Hermes: Towards Representative Benchmarks
A comprehensive evaluation is an integral part of modern software engineering research and is either done using established benchmarks (e.g., DaCapo, the Qualitas corpus or the XCorpus) or using ad-hoc benchmarks. In a few cases, a specifically created test suite is used for evaluation purposes. In all cases the representativeness w.r.t. answering the research questions is basically always questionable. The mentioned established corpora contain a large degree of outdated software and – as recent studies have shown – that code is structurally very different when compared to modern Java code as found on, e.g., Maven central. A second issue of (at least) the established benchmarks is that their usage scenarios are only defined at a very high abstraction level (e.g., “general software engineering research”); making their usage in specific context questionable. Tailored benchmarks or custom test suites are often created without any substantial argument regarding their representativeness; making evaluations build on top of them even more questionable. The naive approach to solve the problems to take as many projects/to collect as much code as possible simply doesn’t scale. Analyzing an extremely large code base, such as all non-trivial Java projects found on GitHub, is prohibitively expensive even for simple analyses. This immediately leads to the question of how to build (reasonably) representative benchmarks. In this talk we will discus representativeness of benchmarks before we will present Hermes; a tool that is a first step towards the creation of representative and minimal benchmarks.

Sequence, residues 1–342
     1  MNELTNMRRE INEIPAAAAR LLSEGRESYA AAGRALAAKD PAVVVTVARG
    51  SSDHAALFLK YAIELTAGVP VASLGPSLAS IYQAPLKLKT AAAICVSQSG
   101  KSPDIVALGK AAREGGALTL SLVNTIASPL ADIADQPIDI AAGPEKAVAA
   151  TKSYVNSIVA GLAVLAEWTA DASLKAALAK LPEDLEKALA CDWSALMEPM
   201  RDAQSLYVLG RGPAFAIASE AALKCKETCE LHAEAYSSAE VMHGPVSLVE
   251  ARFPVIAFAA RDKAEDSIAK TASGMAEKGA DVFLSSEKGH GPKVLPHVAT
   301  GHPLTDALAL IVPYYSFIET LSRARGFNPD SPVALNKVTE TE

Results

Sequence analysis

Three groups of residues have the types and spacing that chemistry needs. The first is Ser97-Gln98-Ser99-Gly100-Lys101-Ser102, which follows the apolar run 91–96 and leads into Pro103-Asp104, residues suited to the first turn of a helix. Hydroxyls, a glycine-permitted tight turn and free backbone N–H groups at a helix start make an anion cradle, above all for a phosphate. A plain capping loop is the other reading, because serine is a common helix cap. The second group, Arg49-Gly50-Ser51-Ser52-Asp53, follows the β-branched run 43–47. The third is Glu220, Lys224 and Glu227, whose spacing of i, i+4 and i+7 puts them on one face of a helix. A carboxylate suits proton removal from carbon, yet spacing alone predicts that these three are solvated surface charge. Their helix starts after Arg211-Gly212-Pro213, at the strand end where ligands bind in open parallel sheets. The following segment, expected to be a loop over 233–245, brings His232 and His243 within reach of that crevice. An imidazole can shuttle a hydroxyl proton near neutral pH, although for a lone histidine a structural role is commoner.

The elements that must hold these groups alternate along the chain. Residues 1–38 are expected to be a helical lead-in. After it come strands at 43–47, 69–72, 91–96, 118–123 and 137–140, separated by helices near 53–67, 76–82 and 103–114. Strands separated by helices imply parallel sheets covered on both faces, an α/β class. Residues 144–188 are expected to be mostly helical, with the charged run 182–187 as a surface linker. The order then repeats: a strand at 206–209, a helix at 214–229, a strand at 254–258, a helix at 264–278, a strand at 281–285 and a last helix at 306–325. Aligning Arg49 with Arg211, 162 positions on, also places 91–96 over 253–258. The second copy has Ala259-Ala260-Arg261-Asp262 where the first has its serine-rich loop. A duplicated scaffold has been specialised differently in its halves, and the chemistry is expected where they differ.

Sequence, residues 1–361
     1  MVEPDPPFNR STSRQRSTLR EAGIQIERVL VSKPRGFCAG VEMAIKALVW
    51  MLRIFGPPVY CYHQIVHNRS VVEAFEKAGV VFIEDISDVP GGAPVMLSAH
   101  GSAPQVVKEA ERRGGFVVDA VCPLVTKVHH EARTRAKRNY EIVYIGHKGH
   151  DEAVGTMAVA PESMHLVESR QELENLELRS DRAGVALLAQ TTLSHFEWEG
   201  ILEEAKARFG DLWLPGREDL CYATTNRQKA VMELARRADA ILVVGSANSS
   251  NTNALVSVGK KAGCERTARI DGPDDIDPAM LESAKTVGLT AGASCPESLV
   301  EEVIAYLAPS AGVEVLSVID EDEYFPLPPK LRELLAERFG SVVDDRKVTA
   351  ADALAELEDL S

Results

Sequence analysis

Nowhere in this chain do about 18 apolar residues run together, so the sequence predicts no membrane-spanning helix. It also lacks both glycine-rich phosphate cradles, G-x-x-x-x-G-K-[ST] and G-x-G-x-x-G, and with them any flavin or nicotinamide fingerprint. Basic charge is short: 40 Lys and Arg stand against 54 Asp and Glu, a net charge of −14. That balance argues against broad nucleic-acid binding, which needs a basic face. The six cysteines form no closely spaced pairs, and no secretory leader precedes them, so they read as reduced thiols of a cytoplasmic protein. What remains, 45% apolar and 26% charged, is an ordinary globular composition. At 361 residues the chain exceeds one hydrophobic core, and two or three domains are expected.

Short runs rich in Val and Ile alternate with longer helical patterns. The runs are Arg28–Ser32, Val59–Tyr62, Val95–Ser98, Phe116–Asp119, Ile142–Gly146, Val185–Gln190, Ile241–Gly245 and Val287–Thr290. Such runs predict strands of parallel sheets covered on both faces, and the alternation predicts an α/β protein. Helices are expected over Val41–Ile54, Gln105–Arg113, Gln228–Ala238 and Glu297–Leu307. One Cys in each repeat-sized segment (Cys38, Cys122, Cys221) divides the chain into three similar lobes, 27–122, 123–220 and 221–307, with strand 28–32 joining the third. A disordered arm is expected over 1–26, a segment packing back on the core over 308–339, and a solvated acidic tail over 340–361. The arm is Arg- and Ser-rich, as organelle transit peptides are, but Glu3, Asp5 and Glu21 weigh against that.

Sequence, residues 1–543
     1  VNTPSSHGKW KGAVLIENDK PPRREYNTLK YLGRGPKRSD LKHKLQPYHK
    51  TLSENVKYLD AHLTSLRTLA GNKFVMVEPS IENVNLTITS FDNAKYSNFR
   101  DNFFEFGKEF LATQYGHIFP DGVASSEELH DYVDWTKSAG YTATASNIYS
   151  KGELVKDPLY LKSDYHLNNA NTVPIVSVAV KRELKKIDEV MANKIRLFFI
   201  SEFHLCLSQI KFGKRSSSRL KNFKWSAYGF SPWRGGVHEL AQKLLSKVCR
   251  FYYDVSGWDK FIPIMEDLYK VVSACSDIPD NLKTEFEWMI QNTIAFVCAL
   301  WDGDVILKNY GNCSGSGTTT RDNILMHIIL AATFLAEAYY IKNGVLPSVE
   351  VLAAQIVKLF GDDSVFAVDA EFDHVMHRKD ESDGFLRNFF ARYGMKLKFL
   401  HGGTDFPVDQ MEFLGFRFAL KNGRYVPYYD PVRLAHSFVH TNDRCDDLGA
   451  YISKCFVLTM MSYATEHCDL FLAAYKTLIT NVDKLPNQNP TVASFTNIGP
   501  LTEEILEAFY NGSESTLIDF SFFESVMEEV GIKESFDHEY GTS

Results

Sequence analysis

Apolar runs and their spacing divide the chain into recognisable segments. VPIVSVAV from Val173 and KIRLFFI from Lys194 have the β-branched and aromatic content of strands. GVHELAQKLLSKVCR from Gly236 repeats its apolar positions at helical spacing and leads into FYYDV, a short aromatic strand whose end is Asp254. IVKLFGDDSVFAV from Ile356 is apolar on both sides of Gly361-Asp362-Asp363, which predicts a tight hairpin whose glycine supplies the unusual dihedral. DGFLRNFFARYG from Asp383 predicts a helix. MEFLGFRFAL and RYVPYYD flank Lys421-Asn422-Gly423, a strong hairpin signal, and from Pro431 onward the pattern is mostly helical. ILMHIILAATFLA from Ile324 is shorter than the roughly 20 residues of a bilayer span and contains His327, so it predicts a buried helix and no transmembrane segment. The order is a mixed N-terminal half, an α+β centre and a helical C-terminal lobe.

Tue 16 Jul
|13:30 - 14:00|
|14:00 - 14:30|
Lisa Nguyen Quang DoPaderborn UniversityFile Attached
|14:30 - 15:00|
Michael EichbergTU Darmstadt, GermanyMedia Attached